This is a personal site. The views expressed are the author's own and do not necessarily reflect those of VSO.

Saturday, 14 August 2010

... and then there were three.

With just four weeks left to go, my family has finally decided to brave the boarders for a flying visit to the land of Cambodia. Well, two of them did, anyway (Dad and brother).

Flexing my tour guide muscles and practicing my very best Khmer, we began our trip in Siem Reap. Taking in the temples, swimming pools and markets, I tried hard to convince my family that I am indeed ‘roughing it’ in Cambodia – nevermind that I am on first-name terms with the staff of my favourite hotel. It was great to show them everything that Siem Reap has to offer, but I did find myself secretly disappointed that they a) seemed to want to sample the local cuisine, when I am now very much craving steak, and b) as men, didn’t find the shopping in the Night Market nearly as exciting as I do.

From Siem Reap I bowed to requests for a slice of ‘the real Cambodia’, so we headed off to Sisophon for a surprisingly enjoyable three days of da-laying (aimless wandering). Without much effort at all, I got my dad to ride on the back of my moto, and with my brother following on my push-bike we were an unstoppable force. Well, that is until people decided that ‘the real Cambodia’ is in fact far too hot and sweaty, and that the locals seem to like to use chop-sticks and eat chickens eggs with fetuses in them. So we finished the holiday with some four star, $30 a night accommodation in Battambang.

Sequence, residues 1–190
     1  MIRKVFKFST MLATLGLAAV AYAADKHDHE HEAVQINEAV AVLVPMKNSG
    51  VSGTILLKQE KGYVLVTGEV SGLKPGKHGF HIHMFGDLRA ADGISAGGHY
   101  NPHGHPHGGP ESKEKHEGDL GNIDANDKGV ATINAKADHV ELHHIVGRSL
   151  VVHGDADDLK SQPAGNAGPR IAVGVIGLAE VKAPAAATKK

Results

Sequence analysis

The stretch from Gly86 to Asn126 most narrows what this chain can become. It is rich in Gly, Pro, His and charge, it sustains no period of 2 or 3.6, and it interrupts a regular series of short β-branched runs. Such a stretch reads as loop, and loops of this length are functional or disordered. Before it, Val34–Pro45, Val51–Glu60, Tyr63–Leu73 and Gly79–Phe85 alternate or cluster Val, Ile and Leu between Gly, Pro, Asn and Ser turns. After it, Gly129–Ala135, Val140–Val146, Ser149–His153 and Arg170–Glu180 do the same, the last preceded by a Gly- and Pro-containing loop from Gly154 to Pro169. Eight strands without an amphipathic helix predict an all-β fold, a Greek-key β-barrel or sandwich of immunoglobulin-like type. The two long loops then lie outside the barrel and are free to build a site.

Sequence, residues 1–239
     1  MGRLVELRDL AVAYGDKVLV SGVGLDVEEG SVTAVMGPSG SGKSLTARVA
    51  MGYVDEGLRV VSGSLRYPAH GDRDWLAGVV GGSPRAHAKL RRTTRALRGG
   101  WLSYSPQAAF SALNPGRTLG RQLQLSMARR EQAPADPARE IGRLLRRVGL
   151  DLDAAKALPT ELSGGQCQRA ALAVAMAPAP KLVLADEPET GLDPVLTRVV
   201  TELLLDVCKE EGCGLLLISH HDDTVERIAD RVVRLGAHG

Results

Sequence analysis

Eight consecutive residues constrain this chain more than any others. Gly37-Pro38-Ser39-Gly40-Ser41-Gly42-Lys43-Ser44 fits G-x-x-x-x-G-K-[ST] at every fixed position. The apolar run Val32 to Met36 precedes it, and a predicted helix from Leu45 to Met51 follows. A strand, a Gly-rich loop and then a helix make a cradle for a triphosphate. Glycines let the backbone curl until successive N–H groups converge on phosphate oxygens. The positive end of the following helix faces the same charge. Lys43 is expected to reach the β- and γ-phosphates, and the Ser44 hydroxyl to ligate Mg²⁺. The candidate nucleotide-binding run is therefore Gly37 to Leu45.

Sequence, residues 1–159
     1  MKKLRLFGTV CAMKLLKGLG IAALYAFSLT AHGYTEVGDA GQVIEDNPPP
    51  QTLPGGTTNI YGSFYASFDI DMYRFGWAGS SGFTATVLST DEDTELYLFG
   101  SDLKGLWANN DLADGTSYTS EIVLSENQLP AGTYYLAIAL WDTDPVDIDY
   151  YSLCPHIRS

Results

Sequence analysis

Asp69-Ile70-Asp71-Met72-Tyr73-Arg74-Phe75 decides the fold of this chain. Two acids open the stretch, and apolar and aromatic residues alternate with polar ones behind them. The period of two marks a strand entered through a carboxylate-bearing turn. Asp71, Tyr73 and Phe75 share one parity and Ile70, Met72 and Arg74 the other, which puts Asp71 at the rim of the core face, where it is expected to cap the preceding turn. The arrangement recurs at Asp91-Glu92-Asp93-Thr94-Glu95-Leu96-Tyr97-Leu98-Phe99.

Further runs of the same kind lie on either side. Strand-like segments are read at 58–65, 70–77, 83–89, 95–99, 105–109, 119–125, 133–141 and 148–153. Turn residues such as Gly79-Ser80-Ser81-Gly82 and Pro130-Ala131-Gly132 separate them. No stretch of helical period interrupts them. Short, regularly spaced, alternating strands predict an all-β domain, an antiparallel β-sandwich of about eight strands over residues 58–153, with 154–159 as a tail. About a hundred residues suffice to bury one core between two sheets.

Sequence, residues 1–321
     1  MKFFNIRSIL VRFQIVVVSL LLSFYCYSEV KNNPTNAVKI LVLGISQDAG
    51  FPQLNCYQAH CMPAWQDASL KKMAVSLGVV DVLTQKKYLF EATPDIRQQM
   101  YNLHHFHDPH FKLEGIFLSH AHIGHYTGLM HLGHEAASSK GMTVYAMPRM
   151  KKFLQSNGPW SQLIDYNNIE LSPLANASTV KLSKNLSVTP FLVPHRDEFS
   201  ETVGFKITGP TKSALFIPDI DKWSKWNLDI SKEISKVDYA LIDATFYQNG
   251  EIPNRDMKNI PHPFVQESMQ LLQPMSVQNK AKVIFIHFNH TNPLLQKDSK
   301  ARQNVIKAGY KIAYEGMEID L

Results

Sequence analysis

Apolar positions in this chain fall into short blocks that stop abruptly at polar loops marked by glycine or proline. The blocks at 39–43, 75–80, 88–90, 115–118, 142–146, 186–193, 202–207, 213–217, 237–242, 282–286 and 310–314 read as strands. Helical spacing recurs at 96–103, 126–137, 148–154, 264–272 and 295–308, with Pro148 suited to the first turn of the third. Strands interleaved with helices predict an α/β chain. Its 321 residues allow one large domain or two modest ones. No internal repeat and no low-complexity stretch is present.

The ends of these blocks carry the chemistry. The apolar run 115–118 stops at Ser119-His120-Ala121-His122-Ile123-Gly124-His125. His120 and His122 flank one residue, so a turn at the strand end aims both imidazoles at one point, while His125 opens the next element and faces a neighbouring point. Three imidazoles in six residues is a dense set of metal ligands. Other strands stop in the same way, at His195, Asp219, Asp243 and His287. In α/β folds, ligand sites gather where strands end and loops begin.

Fortunately, my dad is much easier to convince to do stupid things than my mum is, so whilst in Battambang we rode the precarious – if not ingenious – Bamboo train and then took a tuk-tuk out to the Battambang Circus in the middle of a monsoon. An adventure that was well worth it, where else can you see some 15 year old boy do a handstand on top of 10 creatively stacked wooden chairs?

And now they’ve gone, and I have three weeks left. I’m glad I got to the opportunity to show-off my Cambodia, and give them an insight into what I’ll be talking about when I get home. But for now, it’s a weird feeling. A little empty, perhaps.

No comments:

Post a Comment